This post is directed primarily at my lutherie brethren -- it's our culture as guitar makers to be generous with information and advice, so this is a bit of pay back for the tremendous help I've received from the community.
I'm currently building a fan-fret baritone guitar -- keep an eye out for further posts on that project as it progresses. One of the challenges is to address a design issue that is not generally transferable from standard 6-string guitars -- that being: "where to locate the compensated saddle?" While there are some online calculators for this purpose, those I found are not "transparent", so hard to know exactly how they work. There is the added complication that the scale-length for each string on a fan-fret instrument is different.
I decided to create a spreadsheet for these calculations, based on the article by materials engineer Saajk Elmendorp (2010: American Lutherie 104: 56-60). Elmendorp presented his calculations in metric units, but some of the string engineering data are readily available only in US units (e.g., D'Addario Strings). Some fiddling was necessary, as well as some supplementary calculations of tension based on unit weight and tuned frequency. In the end, I declared input in metric or US, depending on what was most readily available to me -- you may wish to revise the sheet to your preferred input units.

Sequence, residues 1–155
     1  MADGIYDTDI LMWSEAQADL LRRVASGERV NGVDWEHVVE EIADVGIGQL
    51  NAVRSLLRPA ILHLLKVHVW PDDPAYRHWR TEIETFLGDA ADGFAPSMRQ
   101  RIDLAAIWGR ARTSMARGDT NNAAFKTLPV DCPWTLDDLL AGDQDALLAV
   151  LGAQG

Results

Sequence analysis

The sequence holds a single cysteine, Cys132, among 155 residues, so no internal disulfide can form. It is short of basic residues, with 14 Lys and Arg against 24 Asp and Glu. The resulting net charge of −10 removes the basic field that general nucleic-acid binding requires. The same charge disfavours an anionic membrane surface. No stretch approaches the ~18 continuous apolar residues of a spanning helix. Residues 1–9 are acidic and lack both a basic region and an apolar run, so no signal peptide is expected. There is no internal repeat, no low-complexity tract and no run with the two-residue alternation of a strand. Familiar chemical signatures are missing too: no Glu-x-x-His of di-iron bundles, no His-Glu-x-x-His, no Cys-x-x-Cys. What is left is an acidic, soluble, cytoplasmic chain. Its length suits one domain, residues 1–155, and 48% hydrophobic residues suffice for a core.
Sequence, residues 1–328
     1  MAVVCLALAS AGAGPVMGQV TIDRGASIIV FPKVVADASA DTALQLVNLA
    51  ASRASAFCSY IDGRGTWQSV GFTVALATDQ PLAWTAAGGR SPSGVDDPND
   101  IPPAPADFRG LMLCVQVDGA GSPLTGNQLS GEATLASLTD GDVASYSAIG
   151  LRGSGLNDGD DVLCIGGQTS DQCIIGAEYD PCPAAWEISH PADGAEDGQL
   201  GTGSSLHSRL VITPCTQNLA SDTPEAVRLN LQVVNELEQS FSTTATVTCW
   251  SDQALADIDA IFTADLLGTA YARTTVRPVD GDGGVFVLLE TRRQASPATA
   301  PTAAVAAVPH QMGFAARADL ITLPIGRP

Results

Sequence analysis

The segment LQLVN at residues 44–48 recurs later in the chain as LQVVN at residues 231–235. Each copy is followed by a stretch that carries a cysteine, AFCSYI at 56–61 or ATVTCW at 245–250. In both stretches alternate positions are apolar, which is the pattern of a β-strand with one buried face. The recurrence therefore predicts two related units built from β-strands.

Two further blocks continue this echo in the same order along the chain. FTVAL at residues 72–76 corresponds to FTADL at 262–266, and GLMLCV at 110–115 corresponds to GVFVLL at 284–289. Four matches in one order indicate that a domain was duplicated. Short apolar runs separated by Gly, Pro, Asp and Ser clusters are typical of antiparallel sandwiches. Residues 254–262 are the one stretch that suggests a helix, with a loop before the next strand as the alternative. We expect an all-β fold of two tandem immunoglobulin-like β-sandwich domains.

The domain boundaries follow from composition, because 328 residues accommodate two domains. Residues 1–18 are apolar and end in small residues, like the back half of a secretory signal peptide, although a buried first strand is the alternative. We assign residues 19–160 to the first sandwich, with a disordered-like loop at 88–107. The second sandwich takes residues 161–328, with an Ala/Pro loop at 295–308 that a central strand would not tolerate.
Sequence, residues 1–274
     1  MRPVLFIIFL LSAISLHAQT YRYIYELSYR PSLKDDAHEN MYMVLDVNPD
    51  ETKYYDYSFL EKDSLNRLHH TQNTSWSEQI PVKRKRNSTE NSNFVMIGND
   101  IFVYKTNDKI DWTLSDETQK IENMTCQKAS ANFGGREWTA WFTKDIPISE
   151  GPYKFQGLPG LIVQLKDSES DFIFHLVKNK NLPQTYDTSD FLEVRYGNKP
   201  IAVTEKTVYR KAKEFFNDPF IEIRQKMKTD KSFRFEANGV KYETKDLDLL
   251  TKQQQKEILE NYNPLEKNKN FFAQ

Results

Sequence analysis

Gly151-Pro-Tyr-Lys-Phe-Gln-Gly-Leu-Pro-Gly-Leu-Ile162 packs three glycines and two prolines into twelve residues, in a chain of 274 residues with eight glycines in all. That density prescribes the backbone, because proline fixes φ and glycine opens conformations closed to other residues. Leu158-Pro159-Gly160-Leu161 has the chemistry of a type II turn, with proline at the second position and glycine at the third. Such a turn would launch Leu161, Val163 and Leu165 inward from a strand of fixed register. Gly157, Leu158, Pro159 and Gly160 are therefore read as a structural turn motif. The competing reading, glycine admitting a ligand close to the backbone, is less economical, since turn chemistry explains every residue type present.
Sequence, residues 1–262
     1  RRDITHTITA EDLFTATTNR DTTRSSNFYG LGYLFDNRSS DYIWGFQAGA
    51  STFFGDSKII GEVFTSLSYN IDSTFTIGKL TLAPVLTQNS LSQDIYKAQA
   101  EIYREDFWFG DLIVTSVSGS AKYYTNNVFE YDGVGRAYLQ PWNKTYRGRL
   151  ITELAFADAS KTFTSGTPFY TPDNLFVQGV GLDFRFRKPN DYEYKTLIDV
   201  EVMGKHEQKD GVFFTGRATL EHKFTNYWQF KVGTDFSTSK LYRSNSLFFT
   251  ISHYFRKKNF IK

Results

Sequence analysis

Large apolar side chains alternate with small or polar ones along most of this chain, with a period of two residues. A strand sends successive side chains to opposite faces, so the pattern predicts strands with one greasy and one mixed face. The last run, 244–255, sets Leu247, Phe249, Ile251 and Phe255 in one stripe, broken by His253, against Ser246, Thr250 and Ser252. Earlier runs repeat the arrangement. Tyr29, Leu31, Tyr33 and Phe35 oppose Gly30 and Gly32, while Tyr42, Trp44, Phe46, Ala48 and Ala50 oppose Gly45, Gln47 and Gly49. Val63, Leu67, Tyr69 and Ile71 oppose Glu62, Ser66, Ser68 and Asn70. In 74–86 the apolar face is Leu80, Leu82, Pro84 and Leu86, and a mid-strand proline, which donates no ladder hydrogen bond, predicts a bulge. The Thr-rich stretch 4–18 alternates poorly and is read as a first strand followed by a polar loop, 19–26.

I'm making the spreadsheet available for anyone who may find it useful. The spreadsheet is available here: Download Steel string compensation calculator (you'll have to unzip the file once you've downloaded it to your computer). You simply replace the input data given in the yellow-highlighted cells, and the sheet will recalculate automatically. The saddle compensation required for each string is given in the last column.
Of course I make no guarantees, so you will have to accept the risk if you use it for your own instrument design work. Happy to get feedback on the calculator, so let me know your experiences and suggestions.
BTW: I notice that my post on my fret calculator has been corrupted by Typepad -- it seems they no longer like Excel files unless they are distributed as zip files. I'll make an edit to that post so that it will be available again for download.